Real generosity comes from ordinary Brits themselves raising £100 million for the DEC Ukraine Humanitarian Appeal and the solidarity of ordinary working people in Poland and neighbouring countries to Ukraine.

Refugees and people escaping war and crisis shouldn’t have to rely on a whip-round of workers already hit by a cost-of-living squeeze, nor should they need certain qualities to be allowed a visa.

A safe and unbureaucratic passage should immediately be created for all refugees fleeing the conflict, and under the democratic control of workers’, trade union and community organisations.

The Covid crisis has already shown that this government can find plenty of money when it wants to. If the Tories insist they need more cash before they can help refugees, they could seize the Russian millionaires’ assets held here. They’re reluctant to do that in case more of us start looking at how much wealth all bosses and oligarchs are hoarding! The trade unions and anti-war movement must demand refugee rights and the money for homes and services for all.

Workers unity and a socialist alternative to bring an end to war

Socialist Party member and chair of Southampton trades council Sue Atkins addressed the stop the war protest in Southampton. We carry an edited extract.

Anti-war protest,, Sue Atkins speaking, photo by Catherine Clarke
Anti-war protest,, Sue Atkins speaking, photo by Catherine Clarke

We need to be clear that war is a result of the international capitalist system based on profit, exploitation, oppression and racism.

The people who will benefit from war in Ukraine are the billionaires, bosses and profiteers. We know it is the workers and ordinary people who will suffer: killed and injured by bombs and missiles, and forced to flee their homes. This on top of the problems they face already under the Zelensky government which is backed by rich Ukrainian oligarchs.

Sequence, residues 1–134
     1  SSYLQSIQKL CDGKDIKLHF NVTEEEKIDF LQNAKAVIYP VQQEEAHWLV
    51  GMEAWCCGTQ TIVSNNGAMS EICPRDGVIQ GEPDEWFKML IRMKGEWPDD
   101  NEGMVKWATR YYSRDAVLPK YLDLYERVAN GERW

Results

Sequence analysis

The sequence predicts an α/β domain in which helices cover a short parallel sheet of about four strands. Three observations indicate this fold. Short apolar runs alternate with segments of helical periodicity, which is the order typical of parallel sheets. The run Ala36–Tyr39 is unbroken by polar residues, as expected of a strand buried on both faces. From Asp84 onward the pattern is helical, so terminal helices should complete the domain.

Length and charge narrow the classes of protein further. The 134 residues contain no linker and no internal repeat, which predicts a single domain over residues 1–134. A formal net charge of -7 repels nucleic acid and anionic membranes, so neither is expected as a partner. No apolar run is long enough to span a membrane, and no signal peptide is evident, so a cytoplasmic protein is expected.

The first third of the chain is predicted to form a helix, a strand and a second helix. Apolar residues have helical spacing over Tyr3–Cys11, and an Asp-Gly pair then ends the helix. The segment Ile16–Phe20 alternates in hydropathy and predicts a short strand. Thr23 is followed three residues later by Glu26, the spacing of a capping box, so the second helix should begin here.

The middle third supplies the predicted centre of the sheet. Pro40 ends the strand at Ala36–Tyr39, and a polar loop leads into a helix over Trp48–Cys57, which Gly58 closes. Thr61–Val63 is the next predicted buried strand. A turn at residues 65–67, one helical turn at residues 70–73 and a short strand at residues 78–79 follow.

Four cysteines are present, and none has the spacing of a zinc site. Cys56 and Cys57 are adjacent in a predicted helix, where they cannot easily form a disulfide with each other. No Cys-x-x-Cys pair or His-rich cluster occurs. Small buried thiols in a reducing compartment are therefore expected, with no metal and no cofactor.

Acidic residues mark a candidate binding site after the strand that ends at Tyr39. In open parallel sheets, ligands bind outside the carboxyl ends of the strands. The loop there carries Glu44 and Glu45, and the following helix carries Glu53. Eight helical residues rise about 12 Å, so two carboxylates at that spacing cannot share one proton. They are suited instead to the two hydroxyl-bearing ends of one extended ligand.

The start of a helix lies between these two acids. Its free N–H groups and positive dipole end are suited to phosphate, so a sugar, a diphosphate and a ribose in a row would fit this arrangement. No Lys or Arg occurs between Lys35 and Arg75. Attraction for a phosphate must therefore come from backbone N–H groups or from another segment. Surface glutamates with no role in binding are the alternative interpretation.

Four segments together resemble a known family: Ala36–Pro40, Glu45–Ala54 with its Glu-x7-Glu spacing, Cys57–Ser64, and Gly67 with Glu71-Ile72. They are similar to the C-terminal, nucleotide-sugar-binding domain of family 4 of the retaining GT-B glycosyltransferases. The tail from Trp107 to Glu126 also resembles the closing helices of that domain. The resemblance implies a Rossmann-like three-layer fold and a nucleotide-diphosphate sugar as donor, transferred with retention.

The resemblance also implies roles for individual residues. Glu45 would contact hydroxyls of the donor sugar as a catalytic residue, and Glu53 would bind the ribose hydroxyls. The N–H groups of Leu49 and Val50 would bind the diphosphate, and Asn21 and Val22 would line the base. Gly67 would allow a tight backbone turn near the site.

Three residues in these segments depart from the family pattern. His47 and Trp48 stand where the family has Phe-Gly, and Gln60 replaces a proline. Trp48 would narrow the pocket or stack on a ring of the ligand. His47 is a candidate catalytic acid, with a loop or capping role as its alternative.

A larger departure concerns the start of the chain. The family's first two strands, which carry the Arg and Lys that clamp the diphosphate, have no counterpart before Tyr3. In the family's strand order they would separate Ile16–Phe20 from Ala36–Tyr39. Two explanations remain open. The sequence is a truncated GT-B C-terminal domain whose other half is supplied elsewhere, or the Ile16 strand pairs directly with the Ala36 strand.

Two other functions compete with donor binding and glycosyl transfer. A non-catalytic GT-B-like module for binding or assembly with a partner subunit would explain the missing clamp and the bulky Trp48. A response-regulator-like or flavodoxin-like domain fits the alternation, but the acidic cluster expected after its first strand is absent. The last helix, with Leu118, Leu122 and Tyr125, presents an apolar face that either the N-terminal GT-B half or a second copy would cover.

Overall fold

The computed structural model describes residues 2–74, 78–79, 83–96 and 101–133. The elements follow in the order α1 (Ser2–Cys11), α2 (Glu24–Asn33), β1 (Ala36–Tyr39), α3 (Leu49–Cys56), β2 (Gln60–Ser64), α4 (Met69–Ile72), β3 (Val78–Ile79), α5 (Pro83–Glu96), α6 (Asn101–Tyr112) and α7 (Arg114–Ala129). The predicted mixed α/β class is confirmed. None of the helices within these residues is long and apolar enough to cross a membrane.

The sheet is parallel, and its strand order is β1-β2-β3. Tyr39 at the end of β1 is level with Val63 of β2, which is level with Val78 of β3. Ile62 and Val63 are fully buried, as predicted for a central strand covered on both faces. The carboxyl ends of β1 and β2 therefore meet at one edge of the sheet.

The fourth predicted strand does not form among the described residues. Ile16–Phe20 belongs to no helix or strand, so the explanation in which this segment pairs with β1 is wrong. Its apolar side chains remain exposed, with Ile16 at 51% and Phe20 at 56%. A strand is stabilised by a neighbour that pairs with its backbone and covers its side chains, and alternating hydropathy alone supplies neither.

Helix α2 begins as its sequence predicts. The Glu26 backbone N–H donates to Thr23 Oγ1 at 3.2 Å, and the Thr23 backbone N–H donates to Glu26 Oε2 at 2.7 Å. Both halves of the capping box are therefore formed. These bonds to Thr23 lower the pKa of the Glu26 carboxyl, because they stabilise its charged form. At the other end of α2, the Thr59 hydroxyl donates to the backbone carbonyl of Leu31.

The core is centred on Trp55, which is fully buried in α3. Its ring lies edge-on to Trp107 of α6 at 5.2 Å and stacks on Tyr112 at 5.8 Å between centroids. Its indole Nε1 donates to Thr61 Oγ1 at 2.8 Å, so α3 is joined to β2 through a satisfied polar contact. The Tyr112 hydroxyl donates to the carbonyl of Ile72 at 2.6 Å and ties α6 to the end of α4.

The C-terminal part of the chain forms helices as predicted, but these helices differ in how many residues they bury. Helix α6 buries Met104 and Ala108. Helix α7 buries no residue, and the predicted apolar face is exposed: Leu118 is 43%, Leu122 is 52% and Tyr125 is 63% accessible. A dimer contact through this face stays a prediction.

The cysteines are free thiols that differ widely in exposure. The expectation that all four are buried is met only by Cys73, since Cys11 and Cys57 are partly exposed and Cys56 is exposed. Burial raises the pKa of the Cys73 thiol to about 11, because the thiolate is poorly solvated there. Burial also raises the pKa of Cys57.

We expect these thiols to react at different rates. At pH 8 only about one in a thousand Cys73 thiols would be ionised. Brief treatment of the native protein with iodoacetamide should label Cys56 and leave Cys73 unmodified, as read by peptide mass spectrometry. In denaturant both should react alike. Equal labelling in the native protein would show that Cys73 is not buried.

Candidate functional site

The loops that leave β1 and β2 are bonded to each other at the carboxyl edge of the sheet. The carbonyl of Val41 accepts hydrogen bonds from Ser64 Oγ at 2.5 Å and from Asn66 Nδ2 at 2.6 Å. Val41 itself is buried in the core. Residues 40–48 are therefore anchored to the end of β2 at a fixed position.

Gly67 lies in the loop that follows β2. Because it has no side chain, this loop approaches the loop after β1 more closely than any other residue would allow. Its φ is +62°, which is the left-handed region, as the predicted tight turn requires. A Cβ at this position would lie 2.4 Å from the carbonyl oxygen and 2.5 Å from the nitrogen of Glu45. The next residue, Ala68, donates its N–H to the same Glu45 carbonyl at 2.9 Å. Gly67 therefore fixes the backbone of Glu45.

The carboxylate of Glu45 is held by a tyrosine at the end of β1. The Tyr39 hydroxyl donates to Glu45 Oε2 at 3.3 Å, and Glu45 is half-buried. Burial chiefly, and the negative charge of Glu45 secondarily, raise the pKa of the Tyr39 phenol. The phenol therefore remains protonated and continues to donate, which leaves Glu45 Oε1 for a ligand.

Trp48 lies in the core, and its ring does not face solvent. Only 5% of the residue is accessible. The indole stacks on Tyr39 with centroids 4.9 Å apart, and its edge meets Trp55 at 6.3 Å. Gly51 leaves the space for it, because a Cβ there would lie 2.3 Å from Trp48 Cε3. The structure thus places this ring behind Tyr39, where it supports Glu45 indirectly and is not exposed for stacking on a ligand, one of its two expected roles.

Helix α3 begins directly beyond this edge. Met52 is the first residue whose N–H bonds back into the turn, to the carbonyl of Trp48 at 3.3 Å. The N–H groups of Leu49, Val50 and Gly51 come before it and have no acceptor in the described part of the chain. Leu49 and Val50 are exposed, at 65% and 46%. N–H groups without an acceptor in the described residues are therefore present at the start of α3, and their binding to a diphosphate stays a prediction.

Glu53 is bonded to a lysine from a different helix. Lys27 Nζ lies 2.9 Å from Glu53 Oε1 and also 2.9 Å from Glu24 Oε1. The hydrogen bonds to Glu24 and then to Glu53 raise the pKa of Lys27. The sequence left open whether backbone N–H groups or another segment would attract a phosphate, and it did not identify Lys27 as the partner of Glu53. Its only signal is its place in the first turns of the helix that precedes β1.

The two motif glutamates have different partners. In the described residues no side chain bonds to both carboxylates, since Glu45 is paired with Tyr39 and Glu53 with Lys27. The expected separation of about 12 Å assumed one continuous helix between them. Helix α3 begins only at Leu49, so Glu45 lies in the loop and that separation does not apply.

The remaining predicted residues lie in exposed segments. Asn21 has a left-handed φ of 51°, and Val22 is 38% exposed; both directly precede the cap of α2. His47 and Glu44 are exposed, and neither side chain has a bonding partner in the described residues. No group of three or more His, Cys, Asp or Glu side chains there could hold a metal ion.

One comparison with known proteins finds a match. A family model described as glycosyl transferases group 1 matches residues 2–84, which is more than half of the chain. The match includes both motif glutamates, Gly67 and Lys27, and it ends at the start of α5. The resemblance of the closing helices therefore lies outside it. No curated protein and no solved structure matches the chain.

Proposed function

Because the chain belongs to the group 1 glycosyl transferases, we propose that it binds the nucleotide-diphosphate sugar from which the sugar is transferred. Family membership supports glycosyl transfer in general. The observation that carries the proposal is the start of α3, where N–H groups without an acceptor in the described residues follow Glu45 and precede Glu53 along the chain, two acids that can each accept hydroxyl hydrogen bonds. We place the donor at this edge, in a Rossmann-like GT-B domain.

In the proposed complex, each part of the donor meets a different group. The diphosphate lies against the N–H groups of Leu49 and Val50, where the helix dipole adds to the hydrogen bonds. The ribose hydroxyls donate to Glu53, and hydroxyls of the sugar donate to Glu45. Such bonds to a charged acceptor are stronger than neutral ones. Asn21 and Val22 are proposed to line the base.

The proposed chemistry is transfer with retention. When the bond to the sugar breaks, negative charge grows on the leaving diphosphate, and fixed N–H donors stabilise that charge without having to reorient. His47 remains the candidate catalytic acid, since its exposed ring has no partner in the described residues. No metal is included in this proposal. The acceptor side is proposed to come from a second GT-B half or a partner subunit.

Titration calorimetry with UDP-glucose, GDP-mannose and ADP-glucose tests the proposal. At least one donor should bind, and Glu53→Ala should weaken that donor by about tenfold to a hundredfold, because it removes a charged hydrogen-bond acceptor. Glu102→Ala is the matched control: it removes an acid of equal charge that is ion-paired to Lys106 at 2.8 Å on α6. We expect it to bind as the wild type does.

Of course, Johnson and the Tories have been happy to take money off the Russian oligarchs to fund their party. Both Tories and Labour governments have welcomed them in with open arms. These are the same governments that backed brutal wars in Iraq, Afghanistan and elsewhere. We can have no trust in pro-big business governments, which are there to defend the interests of the bosses.

Whether it is in Ukraine, the UK, the US or Russia, we need to build workers’ unity and international solidarity in the struggle to kick out the warmongers and profiteers. And that also means building mass movement political parties that can provide a real alternative to these brutal capitalist governments.

We need a socialist alternative that won’t just seize the assets of Russian oligarchs, but take economic ownership and control off the major monopolies, so that society can be democratically run by the working class in the interests of us – the majority – based on planning and cooperation. And not in the pursuit of profit and prestige that causes poverty, exploitation and war.